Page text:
Charles Feldmann, Esq.
In 1937, marijuana was outlawed by the federal government via the Tax
Stamp Act (this legislation was later found to be unconstitutional). The
Controlled Substances Act of 1970 recriminalized marijuana and the 1980s
“War on Drugs” saw the full weight of the federal government’s
prosecution of marijuana offenders with the enactment of mandatory minimum
California legalized medical marijuana and Colorado followed suit in 2000. Since then, California has seen numerous
raids by the Drug Enforcement Division, and both states have experienced
massive letter writing campaigns by U.S. Attorneys offices giving notice
of “1000-foot.” violations, sent to local businesses and landlords
(threatening prosecution and seizure of assets for dispensaries or cultivators
operating within 1000 feet of a school). Additionally, starting in 2013,
Colorado's Marijuana Enforcement Division shifted from a good faith
substantial compliance regulatory approach, to one of strict enforcement
and strict compliance of all state and local regulations.
The concept of Federalism, although never appearing in the U.S. Constitution,
is a revolutionary one. Sharing power between state and national governments
is its core objective. The U.S. Constitution is a struggle to define the
role of a national government’s interaction with state governments,
which existed before the federal system did. In that vein, states are
not required to follow all federal laws, and states are not required to
make illegal everything that the federal government makes illegal. Case
in point: the 23 states that have some form of legal marijuana regulation.
Even the Controlled Substances Act does not explicitly preempt state marijuana
law. The federal Act only preempts state laws that are in “positive
conflict” with it. In the absence of a positive conflict, the states
and local governments are not precluded from regulating marijuana, whether
it be medical or recreational. This means that marijuana is legally regulated
at the state and local level, while remaining illegal at the federal level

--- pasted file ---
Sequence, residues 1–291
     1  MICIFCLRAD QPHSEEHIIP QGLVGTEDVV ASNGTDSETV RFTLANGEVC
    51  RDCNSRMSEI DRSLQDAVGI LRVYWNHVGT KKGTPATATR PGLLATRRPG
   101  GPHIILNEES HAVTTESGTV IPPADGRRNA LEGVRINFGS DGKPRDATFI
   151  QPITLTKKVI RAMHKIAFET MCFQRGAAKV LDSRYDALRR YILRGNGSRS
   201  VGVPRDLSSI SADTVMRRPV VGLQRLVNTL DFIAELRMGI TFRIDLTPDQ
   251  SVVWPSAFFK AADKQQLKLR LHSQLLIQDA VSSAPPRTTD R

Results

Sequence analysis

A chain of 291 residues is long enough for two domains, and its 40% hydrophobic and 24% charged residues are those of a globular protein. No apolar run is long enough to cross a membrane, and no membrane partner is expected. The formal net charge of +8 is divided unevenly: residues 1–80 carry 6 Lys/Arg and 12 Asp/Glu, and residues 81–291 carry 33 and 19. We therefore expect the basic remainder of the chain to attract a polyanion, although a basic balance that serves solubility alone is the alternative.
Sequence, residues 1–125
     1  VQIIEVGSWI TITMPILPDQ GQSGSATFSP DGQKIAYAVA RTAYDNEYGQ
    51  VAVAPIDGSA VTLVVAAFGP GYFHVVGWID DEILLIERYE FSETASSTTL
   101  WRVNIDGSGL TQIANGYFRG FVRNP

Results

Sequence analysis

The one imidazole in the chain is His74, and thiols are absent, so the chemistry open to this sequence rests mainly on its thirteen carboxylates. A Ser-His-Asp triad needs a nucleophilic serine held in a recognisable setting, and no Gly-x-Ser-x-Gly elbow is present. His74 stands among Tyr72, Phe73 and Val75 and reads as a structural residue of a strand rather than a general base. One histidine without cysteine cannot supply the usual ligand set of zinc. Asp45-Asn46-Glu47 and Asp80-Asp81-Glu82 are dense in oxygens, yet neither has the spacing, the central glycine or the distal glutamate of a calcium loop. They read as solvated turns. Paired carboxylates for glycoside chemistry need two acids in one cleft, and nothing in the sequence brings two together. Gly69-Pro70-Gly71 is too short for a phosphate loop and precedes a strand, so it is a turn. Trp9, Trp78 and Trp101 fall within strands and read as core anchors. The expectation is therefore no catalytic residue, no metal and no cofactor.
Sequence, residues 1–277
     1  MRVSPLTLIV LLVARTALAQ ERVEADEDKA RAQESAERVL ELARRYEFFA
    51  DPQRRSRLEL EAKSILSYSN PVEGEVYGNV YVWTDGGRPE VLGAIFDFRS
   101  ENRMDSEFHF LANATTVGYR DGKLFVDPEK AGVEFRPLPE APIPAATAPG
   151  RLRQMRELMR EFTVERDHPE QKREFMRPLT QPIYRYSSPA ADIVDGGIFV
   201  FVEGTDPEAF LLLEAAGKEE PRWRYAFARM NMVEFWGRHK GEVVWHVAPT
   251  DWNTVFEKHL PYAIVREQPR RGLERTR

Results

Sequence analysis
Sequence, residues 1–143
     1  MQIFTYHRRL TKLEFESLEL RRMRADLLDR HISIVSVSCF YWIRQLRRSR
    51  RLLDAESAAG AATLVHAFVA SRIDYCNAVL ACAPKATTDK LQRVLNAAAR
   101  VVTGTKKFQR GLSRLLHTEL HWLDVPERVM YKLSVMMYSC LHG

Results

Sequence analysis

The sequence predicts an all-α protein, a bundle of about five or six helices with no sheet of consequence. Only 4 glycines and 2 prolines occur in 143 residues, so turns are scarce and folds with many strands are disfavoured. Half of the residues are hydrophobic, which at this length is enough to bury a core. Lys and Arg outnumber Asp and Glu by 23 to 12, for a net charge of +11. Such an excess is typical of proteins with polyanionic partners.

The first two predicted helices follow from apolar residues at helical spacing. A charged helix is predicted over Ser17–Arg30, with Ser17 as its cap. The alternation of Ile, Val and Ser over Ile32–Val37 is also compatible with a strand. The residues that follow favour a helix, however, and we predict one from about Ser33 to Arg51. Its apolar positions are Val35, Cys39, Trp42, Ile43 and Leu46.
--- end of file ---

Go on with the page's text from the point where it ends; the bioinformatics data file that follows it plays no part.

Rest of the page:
under the auspices of the Controlled Substance Act.
How does that make any sense? In Colorado and California, anyone who fully
complies with all of their state’s medical and/or recreational marijuana
rules and regulations still faces the possibility of federal prosecution
and punishment under the Controlled Substances Act (federal courts have
made clear that state marijuana compliance is no defense to prosecution
under the Act). Colorado, for example, avoids direct confrontation with
the federal government because Colorado’s marijuana regulatory system
is not in “positive conflict” with federal laws that outlaw
marijuana, and they are not preempted by the federal government. Again,
how does that make any sense?
Colorado marijuana laws only exempt Colorado citizens from state prosecution.
They do not provide any protection to prosecution under the federal Controlled
Substances Act. Can the Federal government limit local regulation of marijuana
by the states? Not really. Current federal law does not directly prevent
state or local regulations in regards to marijuana, but it does have a
real-world impact on it. Today, the federal government is taking a hands-off
approach towards state marijuana commerce, but that can change at any time.
So what is the best way to avoid the potential for federal attention if
you are in the marijuana business? The simple answer is to ensure that
your business in 100% compliant with all state and local regulations and
rules. Feldmann Nagel Margulis have significant experience in helping clients
get and remain fully compliant with all applicable state laws and regulations.
Our attorneys are former DEA task force commanders, state and federal
prosecutors, and experienced legal professionals in all areas of marijuana
commerce. MJ Business Attorneys helps clients who want to mitigate federal
risk and who want to succeed in the most highly-regulated industry of
For more information, call us at (888) 458-0991.